‘Night Swim’ Review: The Amityville Swimming Pool

Night Swim

As we enter the hard months of winter, thoughts of warm days filled with barbecues and swimming pools pop up in our heads as we pull on yet another layer of winter clothing. Blumhouse and Atomic Monster are further indulging that fantasy with their first 2024 release Night Swim, directed by Bryce McGuire. While the promise of chlorinated thrills is exciting—I mean what’s not to love about the idea of a haunted pool?—the silly premise does overstay its welcome and barely treads water.

The Wallers are a sweet family of four trying to stay strong in the face of father Ray’s (Wyatt Russell) professional baseball career and recent multiple sclerosis (MS) diagnosis. They’re searching for the perfect place to put down roots as they all adjust to a new way of life. His wife Eve (Kerry Condon) is the primary caregiver and parent and the recently appointed breadwinner. Meanwhile, their teenage daughter Izzy (Amélie Hoeferle) and young son Elliot (Gavin Warren) do their best to keep the status quo and appear happy for their parents.

Then, they just so happen to find the perfect suburban family home with plenty of bedrooms and a swimming pool in the backyard. It’s just what Ray needs for hydrotherapy! It seems like the perfect match, a new start into the supposed perfect American family life. Just like in a swimming pool, everything looks calm on the surface. But once you dive in, the quiet chaos reveals itself.

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Quickly, Eve, Izzy, and Elliot discover something is very wrong with their pool. Each has their own unique terrifying experience while finding a moment of peace in their new watery “haven”. Shadows lurk on the pool’s edge, beings mutter from the drains, and innocent pool games turn sinister. But for Ray, it really is a haven as his symptoms seem to diminish the longer he spends in the water. As the headline says, it’s essentially The Amityville Horror but in a backyard swimming pool.

Yes, it’s incredibly silly. And yet, the script gives us a rather well-developed horror family, with each character given just enough interiority to make them sympathetic and worth rooting for. Co-writers McGuire and Rod Blackhurst (who also wrote the short film on which the feature is based) stretch the horror tropes of horror mother, pissed-off sister, and annoying little brother to give us a family of people who really do love each other. There’s no doubting their bond and how badly they all want to cling to the ideal of the perfect American family.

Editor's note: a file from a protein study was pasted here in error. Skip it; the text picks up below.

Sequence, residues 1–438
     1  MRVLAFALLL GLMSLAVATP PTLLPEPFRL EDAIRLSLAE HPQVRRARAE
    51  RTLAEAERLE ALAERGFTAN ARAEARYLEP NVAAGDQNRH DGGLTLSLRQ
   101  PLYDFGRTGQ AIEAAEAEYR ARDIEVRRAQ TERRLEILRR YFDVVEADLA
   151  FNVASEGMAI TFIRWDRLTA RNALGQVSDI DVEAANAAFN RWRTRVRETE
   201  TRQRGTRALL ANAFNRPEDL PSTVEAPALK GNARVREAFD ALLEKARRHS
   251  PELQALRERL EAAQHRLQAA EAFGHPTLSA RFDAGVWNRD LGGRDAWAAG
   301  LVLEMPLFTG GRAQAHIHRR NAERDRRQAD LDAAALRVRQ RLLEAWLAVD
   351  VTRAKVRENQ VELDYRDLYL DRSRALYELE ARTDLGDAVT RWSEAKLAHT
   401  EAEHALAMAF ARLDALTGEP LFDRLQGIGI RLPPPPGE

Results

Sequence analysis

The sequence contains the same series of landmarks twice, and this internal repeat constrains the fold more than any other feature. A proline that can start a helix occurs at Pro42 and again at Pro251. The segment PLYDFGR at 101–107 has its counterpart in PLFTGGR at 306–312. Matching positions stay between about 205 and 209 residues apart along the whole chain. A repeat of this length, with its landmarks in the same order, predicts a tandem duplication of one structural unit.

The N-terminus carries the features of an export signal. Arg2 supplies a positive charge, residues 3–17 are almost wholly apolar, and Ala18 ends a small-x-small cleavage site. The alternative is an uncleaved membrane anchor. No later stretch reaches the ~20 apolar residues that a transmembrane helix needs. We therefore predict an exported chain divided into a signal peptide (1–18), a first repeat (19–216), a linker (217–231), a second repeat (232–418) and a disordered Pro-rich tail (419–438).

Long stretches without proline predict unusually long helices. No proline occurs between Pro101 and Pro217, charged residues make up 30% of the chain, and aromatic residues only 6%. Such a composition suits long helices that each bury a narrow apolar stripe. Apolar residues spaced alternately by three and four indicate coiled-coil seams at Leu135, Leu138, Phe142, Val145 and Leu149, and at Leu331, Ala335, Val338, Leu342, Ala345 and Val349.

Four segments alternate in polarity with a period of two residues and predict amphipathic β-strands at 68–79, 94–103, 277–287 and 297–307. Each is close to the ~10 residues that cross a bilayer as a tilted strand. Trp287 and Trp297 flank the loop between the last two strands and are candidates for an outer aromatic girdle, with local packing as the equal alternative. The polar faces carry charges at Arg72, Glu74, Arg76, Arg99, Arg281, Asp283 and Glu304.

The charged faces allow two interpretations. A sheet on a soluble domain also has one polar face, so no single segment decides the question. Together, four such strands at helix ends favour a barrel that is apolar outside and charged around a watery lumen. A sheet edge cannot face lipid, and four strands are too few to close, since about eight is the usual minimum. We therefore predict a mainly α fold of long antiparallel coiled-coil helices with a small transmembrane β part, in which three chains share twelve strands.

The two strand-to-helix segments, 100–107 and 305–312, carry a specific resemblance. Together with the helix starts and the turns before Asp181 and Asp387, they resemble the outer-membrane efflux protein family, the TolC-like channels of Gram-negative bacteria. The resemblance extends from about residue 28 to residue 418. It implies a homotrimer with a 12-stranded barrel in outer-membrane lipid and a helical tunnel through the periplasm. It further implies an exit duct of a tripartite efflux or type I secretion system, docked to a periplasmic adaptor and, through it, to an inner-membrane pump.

But, the rest of Night Swim‘s story isn’t so lucky as it begins to crumble under its own weight as the film progresses. As a fan of cosmic horror, I love a good unknowable entity. But here, McGuire and Blackhurst use that to a degree that it feels like a lazy solution to the problem of developing a short film into a fully realized feature. The lore teased in the first half is interesting and bizarre, but once exposition dumps come into the picture, whatever lurks in the Wallers’ pool loses its fright factor.

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Thankfully, the use of practical effects and the cinematography framing the pool itself keep the fear alive. There are seemingly only so many ways to film a concrete hole in the ground, but director of photography Charlie Sarroff finds new and fascinating ways to utilize shots in the water itself. Sarroff and McGuire work together to warp the perception of the pool’s size. Some shots make it feel like the ocean, keeping the bottom and sides of the pool obscured to trick the viewer into thinking this is a much bigger space. Flickering pool lights immediately revoke any feelings of safety in the quiet peace of a night swim.

The technical creativity of Night Swim is the film’s biggest saving grace. It’s obvious a ton of care was poured into taking the inherently silly premise of a haunted swimming pool and making it scary rather than just cheesy. McGuire and Blackhurst did achieve that, lore explanation notwithstanding.

Overall, Night Swim is the cinematic equivalent of a belly flop: silly and fun to watch but the end is a bit painful. It’s obvious that Bryce McGuire has talent as a director, so hopefully his next project will let him truly spread his wings and show us what he’s capable of. There’s skill in how he develops his central family, as well as how he and his team can make a pool feel so damn scary. Regardless of that technical skill, Night Swim is ultimately water-logged with silly lore and a head-scratching ending. But, if you can sit down and realize that you’re watching a deeply silly movie, then you’re guaranteed to have a fun and wacky experience. And sometimes, that’s all you want from your January horror.



Night Swim is the cinematic equivalent of a belly flop: silly and fun to watch but the end is a bit painful.



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